French Country Design

French country design in a home is typically associated with a welcoming, cozy, warm feeling. The rustic elegance of a French country design comes from a good use of colors and materials found in nature.  The design originates, as the name suggests, from when country cottages were first built in the south of France. At the time, only natural materials were really available to people and so the floors were laid with brick, terra cotta or stone, while weathered wood cabinets were used for storage, perhaps for dry goods, liquids and even herbs in the kitchen.

Wooden furniture in a French country design home is often stained dark because usually the walls and floors are composed of rich textures and colors. Having simple, plain, furniture ensures that a French country design does not become overpowering and busy.

For example, as natural colors are the guidelines, walls and floors are often painted, with dark wooden beams. Some homes have striking red walls while others use a soft blue and white combination. Either way, natural colors and light enhance the feeling of spaciousness while offering a nice clean finish.

Clearly, the French country design is very popular, though offers a style where each house can still be unique unlike any other, beautiful and luxurious. We at Jenkins Custom Homes in Austin, Texas, have had the opportunity to design luxury houses with a French country design on many occasions. Recently, we were pleased to be able to work with an NFL football player and former University of Texas all-star to perform our unique Lifestyle Analysis.  This resulted in their French Country style design shown here. For more images of this design, click on: French Country designs.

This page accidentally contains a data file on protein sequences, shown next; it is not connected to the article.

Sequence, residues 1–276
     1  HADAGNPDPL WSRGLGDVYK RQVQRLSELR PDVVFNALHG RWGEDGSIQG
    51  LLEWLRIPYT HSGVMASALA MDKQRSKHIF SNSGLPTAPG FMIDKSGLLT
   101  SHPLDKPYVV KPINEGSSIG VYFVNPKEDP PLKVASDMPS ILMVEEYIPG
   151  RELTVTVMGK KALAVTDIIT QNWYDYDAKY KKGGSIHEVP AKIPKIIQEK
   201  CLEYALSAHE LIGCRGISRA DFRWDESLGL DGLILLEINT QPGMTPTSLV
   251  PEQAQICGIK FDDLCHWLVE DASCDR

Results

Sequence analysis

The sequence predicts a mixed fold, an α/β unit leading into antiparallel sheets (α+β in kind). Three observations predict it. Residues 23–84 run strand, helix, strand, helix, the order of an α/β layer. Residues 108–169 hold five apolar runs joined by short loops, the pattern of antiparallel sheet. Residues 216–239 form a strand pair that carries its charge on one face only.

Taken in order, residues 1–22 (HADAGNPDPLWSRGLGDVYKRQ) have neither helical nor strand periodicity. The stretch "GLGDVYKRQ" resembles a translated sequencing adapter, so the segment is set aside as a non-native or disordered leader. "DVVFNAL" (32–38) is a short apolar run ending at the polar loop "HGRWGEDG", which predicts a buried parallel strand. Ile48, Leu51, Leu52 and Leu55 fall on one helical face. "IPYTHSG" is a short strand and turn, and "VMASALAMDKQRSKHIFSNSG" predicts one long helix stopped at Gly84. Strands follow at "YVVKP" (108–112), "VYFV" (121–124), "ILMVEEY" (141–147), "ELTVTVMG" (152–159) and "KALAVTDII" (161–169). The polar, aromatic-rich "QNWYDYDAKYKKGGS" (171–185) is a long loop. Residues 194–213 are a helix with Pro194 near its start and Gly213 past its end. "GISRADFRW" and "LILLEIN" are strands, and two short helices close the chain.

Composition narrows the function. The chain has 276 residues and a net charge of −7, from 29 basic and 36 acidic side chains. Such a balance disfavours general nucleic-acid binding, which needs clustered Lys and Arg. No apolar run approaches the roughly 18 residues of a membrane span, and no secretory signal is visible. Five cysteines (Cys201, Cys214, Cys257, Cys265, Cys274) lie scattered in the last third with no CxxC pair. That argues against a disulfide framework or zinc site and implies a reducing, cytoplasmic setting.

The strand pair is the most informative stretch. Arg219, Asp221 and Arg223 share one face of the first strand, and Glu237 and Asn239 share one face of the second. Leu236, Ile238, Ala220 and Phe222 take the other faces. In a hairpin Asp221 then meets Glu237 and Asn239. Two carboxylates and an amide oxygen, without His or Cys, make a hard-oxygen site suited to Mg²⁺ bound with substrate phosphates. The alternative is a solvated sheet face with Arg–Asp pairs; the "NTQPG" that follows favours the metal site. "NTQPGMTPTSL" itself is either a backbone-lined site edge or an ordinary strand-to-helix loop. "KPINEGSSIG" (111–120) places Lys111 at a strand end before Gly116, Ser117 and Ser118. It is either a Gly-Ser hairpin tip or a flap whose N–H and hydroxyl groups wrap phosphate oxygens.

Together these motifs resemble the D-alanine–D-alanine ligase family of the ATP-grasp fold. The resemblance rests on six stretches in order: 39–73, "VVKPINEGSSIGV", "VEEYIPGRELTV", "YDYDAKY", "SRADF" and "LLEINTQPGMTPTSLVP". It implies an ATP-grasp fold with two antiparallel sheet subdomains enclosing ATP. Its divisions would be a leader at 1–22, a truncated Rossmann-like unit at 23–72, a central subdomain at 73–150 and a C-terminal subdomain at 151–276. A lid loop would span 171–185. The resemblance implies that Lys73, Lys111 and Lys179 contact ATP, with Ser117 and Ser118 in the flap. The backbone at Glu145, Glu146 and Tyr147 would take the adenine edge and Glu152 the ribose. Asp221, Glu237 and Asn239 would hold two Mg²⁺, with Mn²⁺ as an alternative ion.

French Country Style Designs spell Luxury

When most people think of the French Countryside, they think of a relaxing, rustic lifestyle that appears to have been lost in the busy, overwhelming world of today.

You think of warm breezes, long summer nights, crickets chirping and stars overhead. The image is of a radiant sun shining and long grass gently wafting. You have thoughts of the trees that dot the countryside as you walk along earthen paths or brick walkways.

These subtle and rustic sentiments can be easily translated into great home decor, making strong use of those natural colors that transform your home into a softer, gentler place.

Most French Country Style homes utilize a basic off-white wall as a pallet to really draw out the subtle hints of color that are available. Old world French homes were many times made with a white plaster that colored with age, which gave them a very gentle yellow color and gives them texture. You can replicate this by adding a bit of texture to your walls with a gentle yellow or eggshell; too stark a white will seem strange and offsetting. The room should have a gentle warm glow before you even add accent colors.

Much of the French Country Style relies upon natural colors without relying too heavily on bright or intrusive shades or tones. Think more “field of grain,” “summertime forest,” or, “shady beach,” than “bouquet of flowers.” Earthtones such as dark to light browns, dull yellow tones, woodgrain, ocean blues, rust, burnt orange and brick are all good base colors to accent your rooms and create a feel of luxury.

The texture of your furniture and fixtures can also play heavily into setting the tone of your rustic French design home. Rusted metals, dull gray and sanded blacks will all mix in well with a simple French aesthetic. When it comes to fabrics, toile (a white or beige fabric with repeating picture patterns) is the most commonly associated. However, any natural fabric should work well.

Gentle or indirect lighting paired with a lot of natural light will help give your home the relaxing, natural feel that most people associate with the French Country Style. Avoiding moody or glaring overhead lighting will also help set the tone.

For even more great ideas on how to accomplish French Country design in your new home, drop us a line!  We would love to hear about your design challenges.

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